The Greens have a new housing policy out. They begin with the high principle that all should have access to land then veer off with emotion at the tax rorts available to the wealthy.

Everyone Needs A Home calls for an end to negative gearing, the Capital Gains Tax discount and proposes exchanging state-based Stamp Duty for State Land Tax.

There. Three solid policy planks to return residential property ownership to citizens and end it being a plaything of debt-happy speculators and the rentier class. The Greens’ anger is understandable: these parasites overwhelmingly buy modest houses in established suburbs, displacing first home buying families to poorly serviced dwellings on the outskirts, to inappropriate flats or to renting.

Yet two of these initiatives are aimed on one economic flaw: the tax treatment of capital gains.

Negative gearing is a way to transform taxable labour income into concessionally taxed capital gains – hopefully to be realised in an advantageous tax year later in the holder’s life cycle. If capital gains were taxed the same as labour income, the allure of negative gearing would vanish in an instant.

A ‘home’ is made of two parts: the building and the land. Structures depreciate in value over their useable lifetime; the land abides forever. Capital gains are made solely in land price appreciation. Yes, a structure can be renovated or repurposed with fresh investment, but this investment adds to the capital base. Land needs no such attention.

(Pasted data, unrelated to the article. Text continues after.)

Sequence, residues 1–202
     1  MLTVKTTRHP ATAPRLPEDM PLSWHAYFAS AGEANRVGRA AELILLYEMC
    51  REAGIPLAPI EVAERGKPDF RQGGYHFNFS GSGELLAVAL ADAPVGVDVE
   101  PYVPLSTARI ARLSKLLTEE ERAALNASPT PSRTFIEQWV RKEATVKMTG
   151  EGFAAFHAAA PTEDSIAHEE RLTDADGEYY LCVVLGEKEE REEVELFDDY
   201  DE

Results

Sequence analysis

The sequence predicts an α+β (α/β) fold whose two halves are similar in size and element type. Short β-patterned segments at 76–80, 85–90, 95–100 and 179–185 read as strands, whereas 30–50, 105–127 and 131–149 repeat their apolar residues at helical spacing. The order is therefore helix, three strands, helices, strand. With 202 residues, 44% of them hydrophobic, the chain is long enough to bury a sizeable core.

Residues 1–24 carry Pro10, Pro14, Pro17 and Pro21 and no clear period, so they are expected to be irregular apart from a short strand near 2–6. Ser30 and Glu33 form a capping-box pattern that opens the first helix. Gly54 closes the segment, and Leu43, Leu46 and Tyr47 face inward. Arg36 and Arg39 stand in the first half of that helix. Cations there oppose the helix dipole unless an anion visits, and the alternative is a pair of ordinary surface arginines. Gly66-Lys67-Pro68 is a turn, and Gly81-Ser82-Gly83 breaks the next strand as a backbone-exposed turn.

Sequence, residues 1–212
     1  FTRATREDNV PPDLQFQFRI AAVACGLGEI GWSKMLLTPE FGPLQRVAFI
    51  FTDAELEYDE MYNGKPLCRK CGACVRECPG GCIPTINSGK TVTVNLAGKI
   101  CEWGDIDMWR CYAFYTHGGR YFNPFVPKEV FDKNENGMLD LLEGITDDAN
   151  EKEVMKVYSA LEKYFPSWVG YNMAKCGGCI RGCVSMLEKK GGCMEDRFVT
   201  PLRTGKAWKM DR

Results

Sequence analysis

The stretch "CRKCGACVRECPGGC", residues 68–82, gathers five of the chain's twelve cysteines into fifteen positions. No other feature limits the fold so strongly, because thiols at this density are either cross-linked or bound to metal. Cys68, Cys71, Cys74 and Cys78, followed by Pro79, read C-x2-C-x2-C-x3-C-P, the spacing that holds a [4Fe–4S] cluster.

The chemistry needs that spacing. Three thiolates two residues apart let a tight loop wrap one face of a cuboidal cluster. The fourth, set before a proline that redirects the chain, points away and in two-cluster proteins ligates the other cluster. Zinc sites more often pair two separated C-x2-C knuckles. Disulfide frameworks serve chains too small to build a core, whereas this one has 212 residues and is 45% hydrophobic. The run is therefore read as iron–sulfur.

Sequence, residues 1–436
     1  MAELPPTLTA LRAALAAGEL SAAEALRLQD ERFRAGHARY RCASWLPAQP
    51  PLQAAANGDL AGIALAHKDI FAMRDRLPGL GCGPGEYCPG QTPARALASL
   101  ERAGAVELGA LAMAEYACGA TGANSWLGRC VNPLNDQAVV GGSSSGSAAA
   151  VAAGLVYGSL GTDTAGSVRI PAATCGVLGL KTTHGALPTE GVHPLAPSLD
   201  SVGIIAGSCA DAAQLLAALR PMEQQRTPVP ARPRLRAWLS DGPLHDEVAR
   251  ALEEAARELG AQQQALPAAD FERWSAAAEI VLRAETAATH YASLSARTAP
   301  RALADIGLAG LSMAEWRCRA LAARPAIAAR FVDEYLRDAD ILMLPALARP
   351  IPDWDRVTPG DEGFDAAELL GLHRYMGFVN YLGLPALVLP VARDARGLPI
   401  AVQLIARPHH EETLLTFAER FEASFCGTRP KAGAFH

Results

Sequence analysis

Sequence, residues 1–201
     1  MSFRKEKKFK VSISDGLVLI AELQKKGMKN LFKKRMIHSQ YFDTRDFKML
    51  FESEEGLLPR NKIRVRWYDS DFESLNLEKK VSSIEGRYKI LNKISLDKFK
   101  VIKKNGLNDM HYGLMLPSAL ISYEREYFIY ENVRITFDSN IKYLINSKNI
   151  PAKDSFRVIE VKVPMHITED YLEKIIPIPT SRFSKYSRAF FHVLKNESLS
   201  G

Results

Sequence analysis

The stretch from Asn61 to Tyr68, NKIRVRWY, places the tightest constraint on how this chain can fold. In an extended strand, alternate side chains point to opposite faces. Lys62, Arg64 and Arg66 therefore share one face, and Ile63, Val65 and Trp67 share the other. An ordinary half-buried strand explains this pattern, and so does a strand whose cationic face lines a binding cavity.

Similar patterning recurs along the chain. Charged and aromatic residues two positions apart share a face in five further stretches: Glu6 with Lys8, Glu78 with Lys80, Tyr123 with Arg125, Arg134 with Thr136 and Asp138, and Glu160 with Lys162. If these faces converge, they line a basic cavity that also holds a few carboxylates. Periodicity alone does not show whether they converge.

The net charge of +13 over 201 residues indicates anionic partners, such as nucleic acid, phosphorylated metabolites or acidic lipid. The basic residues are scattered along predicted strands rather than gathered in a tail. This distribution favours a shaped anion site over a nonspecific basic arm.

The third proposal, to exchange Stamp Duty for State Land Tax has great merit and the Greens’ initiative here is to be applauded.

Stamp Duty is a dreadful tax and a real barrier to transactions, trapping people in and out of housing. Removing it would add an estimated $85 billion to the economy, or $91 per month per household – money that is currently wasted in deadweight losses that reduce the welfare of all.

In Prosper’s submission to South Austraila’s 2015 tax review we said the removal of Stamp Duty will see:

• More and better building construction
• Lower rents
• Better matching of families and housing stock
• A greater propensity to buy (on ease of exit)
• Less traffic congestion
• A deeper, more active land market

Rather than wait until gains are realised on sale, land tax falls upon land holding. While many small holders would be anxious over the possibility of a ‘big new tax’, land tax would fall particularly on the high value land occupied by the top 10 per cent of households by income – who the Greens single out in their policy paper. The Greens fear political repercussions from exactly this group, hence the ‘grandfathering’ of all current landholders – significantly delaying and weakening the benefits of land tax would bring.

The transition arrangement proposed is derived from the McKell Institute’s suggestion of a federal loan to bridge the revenue shortfall in early years. A better approach would be to tax all land immediately, granting offsets for stamp duty paid against a theoretical land tax from date of purchase. The elderly could be protected from harm by deferring land tax until death or sale as currently happens with municipal rates.

Prosper welcomes the Greens’ policy initiative in this area. However, we warn that the state land tax laws vary from weak to very poor and also need reform.